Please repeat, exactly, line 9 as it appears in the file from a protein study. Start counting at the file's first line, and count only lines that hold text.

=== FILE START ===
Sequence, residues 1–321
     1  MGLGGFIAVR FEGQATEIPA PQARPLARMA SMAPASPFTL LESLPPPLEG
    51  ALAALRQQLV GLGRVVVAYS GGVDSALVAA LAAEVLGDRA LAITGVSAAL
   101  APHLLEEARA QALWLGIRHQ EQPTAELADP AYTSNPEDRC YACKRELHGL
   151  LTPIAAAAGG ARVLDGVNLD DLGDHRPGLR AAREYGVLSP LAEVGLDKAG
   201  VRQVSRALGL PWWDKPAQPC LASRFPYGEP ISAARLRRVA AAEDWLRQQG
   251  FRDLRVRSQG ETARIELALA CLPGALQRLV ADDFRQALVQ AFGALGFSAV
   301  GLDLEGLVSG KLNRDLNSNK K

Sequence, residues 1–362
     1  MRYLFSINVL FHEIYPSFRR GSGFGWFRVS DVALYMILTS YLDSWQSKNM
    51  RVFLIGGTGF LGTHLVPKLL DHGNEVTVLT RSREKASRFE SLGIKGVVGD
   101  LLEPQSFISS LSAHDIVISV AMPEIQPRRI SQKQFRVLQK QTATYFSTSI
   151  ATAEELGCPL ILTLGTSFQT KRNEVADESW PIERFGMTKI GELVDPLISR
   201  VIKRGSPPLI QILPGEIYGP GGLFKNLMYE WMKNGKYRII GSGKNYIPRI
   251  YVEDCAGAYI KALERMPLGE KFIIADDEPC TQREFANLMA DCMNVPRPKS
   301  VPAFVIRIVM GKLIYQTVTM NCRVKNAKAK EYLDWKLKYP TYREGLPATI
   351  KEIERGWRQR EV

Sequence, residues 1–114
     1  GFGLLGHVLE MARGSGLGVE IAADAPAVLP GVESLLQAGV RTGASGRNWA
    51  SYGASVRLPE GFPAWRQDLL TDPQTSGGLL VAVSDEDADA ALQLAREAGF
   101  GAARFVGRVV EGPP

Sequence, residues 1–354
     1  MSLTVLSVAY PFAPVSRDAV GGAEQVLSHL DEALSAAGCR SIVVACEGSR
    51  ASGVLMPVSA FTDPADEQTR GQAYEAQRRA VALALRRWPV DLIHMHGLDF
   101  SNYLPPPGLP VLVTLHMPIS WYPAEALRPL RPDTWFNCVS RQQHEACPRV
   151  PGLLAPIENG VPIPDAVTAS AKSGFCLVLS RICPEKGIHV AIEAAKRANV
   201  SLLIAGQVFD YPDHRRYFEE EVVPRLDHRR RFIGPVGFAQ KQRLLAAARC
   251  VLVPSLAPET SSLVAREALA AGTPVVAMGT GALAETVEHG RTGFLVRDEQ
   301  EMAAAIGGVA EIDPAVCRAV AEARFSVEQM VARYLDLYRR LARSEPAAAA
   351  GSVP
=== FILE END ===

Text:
Sequence, residues 1–362